Trust between advertisers and agencies has declined in the past 12 months, with just 10% of advertisers rating levels of trust with their agencies as 'high' or 'very high'.
The findings come from ID Comms’ Global Media Transparency Survey, which follows a previous survey which conducted at the height of the media rebates investigation by the Association of National Advertisers.
Since then, the number of marketers who believe that trust is low has fallen from 29% to 40%, while the number who believe it is average has fallen by 12%.
One anonymous advertiser is quoted in the report as saying: “Trust has been breached in a profound way between advertisers and media agencies. The concept of an agency as a true agent is extinct for all practical purposes.”
The four-highest ranked issues that advertisers are concerned about are; how the agency manages rebates/ AVBs, how the agency makes money, how the agency trades with media vendors and how the agency uses group buying/ share deals.
“The vast majority of both agencies and advertisers agree that a close, trusted relationship is likely to lead to better marketing performance but, sadly, right now levels of trust are much lower than they should be,” said Susy Pyzer-Knapp, consultant at ID Comms.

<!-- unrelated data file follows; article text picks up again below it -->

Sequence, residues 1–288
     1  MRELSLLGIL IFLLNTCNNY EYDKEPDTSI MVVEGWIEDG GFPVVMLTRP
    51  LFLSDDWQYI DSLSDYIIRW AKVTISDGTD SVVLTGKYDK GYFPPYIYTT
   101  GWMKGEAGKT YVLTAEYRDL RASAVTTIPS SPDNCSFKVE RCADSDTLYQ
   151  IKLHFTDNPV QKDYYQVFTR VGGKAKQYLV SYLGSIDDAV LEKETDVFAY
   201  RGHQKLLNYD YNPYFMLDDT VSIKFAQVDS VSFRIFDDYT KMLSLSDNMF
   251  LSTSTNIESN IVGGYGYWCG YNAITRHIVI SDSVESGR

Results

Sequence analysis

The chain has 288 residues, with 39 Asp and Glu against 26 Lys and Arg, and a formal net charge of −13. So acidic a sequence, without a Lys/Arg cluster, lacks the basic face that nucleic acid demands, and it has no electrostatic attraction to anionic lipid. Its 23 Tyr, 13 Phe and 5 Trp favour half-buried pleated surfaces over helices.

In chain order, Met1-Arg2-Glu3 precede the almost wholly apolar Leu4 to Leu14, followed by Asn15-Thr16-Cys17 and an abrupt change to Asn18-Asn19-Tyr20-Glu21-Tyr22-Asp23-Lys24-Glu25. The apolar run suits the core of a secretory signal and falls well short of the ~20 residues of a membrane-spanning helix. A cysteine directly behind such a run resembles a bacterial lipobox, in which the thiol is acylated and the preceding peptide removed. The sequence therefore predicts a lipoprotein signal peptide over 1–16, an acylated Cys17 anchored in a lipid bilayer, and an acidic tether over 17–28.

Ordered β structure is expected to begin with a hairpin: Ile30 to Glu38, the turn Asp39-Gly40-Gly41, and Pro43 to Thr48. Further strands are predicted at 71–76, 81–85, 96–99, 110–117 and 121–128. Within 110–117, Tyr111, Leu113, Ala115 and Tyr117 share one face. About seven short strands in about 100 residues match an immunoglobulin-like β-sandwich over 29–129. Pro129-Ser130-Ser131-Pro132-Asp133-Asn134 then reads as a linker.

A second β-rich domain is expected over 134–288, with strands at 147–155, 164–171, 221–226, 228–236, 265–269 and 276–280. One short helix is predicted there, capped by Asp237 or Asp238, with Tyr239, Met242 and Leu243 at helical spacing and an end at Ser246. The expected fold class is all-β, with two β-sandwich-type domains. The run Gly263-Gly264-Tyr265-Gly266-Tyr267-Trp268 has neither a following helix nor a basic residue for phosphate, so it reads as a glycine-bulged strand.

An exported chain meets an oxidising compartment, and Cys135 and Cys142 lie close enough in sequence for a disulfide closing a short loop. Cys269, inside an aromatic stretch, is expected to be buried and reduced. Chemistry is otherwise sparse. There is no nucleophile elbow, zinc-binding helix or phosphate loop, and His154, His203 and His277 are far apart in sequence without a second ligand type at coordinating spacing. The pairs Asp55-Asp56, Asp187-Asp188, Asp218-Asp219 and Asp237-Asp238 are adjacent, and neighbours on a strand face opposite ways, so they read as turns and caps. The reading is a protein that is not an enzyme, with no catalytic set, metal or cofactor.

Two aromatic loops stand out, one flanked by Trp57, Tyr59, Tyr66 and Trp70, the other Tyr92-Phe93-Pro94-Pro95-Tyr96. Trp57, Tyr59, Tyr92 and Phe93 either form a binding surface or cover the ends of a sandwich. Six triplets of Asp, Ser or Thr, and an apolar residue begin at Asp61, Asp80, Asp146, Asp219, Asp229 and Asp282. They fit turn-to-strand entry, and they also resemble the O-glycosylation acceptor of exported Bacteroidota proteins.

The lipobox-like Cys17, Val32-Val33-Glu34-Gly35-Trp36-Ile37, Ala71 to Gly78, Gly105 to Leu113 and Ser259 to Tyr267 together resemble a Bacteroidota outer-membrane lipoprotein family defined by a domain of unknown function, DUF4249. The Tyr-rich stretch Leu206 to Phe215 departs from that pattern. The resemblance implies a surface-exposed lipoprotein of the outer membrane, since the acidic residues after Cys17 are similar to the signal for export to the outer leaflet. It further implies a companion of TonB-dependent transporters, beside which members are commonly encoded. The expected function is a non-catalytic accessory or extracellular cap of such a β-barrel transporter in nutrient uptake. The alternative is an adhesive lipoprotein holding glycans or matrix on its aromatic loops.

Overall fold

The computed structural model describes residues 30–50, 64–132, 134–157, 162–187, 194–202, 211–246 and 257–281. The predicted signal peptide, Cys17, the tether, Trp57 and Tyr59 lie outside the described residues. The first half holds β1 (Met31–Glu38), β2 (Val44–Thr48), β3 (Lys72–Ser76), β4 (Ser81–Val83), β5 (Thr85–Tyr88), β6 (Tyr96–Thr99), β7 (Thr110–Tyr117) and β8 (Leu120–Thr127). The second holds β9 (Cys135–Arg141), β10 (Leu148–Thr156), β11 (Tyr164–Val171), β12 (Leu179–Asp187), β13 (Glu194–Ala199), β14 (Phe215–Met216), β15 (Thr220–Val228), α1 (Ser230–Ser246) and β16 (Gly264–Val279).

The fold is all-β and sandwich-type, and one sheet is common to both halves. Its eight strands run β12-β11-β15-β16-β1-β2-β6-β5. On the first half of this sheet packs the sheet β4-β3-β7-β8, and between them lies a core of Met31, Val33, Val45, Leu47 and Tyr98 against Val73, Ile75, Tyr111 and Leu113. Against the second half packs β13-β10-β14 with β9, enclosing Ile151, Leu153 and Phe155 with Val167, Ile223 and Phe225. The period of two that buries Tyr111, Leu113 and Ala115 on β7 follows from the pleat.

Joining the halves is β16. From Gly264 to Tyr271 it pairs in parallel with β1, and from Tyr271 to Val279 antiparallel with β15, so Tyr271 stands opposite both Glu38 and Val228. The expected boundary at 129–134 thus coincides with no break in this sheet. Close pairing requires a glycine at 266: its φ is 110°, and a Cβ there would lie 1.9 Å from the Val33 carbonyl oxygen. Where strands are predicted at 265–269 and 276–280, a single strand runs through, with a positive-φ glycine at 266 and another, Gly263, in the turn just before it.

“This is reducing the ability of media partners to use their skills and knowledge to help advertisers grow their businesses.”
The results are based on 232 responses from advertisers across a range of sectors, geographies and disciplines investing more than $25bn on media around the world.
ID Comms said an increased number of agency respondents now agree with transparency being a critical component in building trust. The number of agency respondents who agreed that issues around transparency have a very high influence on trust has tripled in the last two years to 35%.
As advertisers improve their media knowledge and adjusted contracts accordingly to ensure greater levels of transparency, ID Comms found that 20% of agencies and advertisers expect trust to increase 'a little' or 'a lot' over the coming 12 months.